The City of Los Angeles filed a petition to enforce compliance with a subpoena issued to garment maker Los Angeles Apparel regarding its pay and sick leave policies after more than 300 employees in a downtown factory tested positive for Covid-19, the city alleged.
The petition follows a recent order by the Department of Public Health that the company, which recently switched to making face masks, cease operations.
The city of Los Angeles, through its petition filed Wednesday in state court, seeks to enforce the fashion retailer’s compliance with a subpoena dated July 16 and served the following day, for documentation on how many employees work at the factory and its compliance with local sick leave laws.
The subpoena was issued to determine whether LA Apparel is complying with the city’s Minimum Wage Ordinance and whether additional action is needed to protect potentially vulnerable employees from Covid-19.
A statement by the company said that “Los Angeles Apparel will be complying with the City’s subpoena. The company has followed the Mayoral order for Supplemental Paid Sick Leave and all Sick Pay rules that apply in the City of Los Angeles. We intend to cooperate fully with any routine and reasonable informational requests from the City Attorney or any inquiring agency.”
The statement added, “We emphasize that at no time has the City accused Los Angeles Apparel of non-compliance.”
An email exchange viewed by Bloomberg Law indicated that the city attorney’s office wouldn’t seek ex parte relief against the company, given its promise to comply with the subpoena by August 14.
An April order issued by Los Angeles Mayor Eric Garcetti required employers with 500 or more workers to provide qualifying employees with paid sick leave of up to 80 hours related to the coronavirus.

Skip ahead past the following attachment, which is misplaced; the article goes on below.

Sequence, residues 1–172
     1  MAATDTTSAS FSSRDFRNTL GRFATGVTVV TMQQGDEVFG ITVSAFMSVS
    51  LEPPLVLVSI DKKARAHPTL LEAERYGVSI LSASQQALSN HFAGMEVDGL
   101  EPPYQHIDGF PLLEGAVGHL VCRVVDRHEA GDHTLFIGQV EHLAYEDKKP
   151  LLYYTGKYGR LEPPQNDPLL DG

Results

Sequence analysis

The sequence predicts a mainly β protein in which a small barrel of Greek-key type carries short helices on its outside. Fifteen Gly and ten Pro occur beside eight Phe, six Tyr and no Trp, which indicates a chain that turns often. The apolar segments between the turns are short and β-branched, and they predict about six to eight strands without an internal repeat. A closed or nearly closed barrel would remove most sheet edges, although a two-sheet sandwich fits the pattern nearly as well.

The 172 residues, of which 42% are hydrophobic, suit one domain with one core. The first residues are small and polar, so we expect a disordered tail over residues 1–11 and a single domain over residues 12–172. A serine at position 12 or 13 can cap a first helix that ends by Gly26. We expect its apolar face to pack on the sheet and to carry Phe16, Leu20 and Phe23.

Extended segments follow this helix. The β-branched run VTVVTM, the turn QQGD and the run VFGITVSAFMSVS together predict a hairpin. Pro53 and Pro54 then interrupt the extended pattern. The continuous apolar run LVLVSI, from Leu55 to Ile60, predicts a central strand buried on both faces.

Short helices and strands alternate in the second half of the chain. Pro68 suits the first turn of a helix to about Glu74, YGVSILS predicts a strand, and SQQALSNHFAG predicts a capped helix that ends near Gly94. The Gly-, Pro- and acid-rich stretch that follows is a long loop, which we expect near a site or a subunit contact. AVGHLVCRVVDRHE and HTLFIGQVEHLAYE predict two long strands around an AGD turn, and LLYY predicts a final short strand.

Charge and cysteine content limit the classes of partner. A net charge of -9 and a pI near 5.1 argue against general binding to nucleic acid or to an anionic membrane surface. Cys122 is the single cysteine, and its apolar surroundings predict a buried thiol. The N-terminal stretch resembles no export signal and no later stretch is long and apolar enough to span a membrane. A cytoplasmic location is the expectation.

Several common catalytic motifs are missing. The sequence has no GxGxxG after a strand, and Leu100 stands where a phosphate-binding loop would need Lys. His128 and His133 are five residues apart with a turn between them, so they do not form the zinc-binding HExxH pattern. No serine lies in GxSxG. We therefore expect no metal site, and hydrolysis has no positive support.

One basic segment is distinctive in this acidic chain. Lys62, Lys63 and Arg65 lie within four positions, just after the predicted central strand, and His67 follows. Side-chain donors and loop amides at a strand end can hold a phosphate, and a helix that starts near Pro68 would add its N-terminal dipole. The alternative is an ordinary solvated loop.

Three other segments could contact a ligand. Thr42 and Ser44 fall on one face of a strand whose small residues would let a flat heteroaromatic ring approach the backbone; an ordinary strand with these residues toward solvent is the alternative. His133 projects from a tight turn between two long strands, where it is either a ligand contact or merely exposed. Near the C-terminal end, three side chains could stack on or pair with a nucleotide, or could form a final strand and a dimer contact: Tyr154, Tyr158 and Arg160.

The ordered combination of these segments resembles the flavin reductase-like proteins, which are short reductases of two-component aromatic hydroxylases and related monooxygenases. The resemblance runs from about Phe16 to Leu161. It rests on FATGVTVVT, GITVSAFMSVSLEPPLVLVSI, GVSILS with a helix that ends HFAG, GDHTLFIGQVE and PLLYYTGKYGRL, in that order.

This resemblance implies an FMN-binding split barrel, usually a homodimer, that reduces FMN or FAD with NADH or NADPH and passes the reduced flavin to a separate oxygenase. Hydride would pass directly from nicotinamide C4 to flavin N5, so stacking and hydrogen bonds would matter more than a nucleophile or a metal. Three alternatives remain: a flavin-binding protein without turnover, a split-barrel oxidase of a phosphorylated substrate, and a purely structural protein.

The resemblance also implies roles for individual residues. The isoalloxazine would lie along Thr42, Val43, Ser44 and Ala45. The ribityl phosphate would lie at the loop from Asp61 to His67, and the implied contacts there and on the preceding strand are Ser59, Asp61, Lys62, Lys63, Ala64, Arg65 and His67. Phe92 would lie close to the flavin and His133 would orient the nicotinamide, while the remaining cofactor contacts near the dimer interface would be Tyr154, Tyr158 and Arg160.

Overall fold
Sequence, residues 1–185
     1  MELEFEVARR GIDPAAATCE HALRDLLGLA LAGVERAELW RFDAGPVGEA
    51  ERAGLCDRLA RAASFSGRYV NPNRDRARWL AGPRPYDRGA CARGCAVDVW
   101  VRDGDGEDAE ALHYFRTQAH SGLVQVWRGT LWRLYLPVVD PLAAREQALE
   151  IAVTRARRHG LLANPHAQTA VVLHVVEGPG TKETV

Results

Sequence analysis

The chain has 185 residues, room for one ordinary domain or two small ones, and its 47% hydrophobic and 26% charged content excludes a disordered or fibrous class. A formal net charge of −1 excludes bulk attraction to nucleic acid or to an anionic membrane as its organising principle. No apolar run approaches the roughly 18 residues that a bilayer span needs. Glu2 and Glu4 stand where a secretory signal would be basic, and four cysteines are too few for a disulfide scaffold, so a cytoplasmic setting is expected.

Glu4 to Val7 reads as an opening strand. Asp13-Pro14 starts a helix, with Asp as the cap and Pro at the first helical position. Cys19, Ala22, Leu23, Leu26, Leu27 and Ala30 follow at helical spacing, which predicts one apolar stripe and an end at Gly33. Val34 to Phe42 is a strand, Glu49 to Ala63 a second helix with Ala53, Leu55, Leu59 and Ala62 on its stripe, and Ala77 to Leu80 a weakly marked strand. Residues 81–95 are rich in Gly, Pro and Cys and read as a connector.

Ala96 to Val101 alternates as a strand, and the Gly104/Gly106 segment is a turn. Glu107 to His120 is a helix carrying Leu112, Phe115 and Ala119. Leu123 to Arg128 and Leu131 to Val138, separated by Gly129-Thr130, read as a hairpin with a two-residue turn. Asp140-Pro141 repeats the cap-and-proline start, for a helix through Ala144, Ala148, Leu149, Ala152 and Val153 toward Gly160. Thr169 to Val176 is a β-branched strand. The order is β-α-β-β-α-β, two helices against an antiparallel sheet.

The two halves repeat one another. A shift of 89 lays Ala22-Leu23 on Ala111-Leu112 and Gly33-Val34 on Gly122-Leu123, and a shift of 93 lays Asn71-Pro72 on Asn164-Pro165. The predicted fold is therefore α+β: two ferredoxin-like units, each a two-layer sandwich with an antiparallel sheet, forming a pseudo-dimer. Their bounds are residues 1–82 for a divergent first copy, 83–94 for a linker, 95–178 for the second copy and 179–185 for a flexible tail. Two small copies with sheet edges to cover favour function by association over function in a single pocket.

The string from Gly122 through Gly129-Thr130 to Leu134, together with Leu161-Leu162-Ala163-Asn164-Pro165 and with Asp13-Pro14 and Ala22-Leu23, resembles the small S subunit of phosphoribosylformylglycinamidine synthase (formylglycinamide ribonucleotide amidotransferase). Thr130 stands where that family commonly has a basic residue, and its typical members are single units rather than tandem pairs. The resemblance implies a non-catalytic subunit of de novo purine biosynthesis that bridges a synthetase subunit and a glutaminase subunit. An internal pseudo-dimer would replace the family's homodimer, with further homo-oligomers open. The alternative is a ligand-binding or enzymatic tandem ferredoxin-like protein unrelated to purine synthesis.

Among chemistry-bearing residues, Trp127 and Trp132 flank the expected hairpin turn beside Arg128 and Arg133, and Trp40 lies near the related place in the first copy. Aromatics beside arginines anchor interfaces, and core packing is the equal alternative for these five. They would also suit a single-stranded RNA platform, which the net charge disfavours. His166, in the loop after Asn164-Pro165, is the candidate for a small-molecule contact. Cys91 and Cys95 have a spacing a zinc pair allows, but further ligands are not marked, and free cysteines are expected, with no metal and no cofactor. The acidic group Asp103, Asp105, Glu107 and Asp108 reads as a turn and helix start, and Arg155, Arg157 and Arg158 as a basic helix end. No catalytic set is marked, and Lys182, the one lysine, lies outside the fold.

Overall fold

The city said in its petition that workers in the garment industry are often paid below minimum wage and denied paid leave. They also are frequently forced to work in crowded conditions, and many workers’ undocumented status makes them afraid to complain, the petition said.
The county’s public health department ordered the factory to shut down operations in June, according to the petition.
The order stemmed from violations of mandatory public health infection control orders.
In June, the county was notified of a potential outbreak at the plant by a healthcare provider, and an inspection revealed a failure to implement social distancing and spread-prevention policies, including the use of cardboard as a barrier between workers, according to a statement from the county released in early July.
LA Apparel, which was started by American Apparel founder Dov Charney, advertises its clothing as being sweatshop free, and ethically made in the U.S.
Neither the city attorney nor the health department responded to a request for comment.
The Los Angeles City Attorney’s Office represents the city. Seddigh Arbetter LLP represents LA Apparel.
The case is City of Los Angeles v. Los Angeles Apparel, Cal. Super. Ct., No. 20STCP02482, 8/5/20.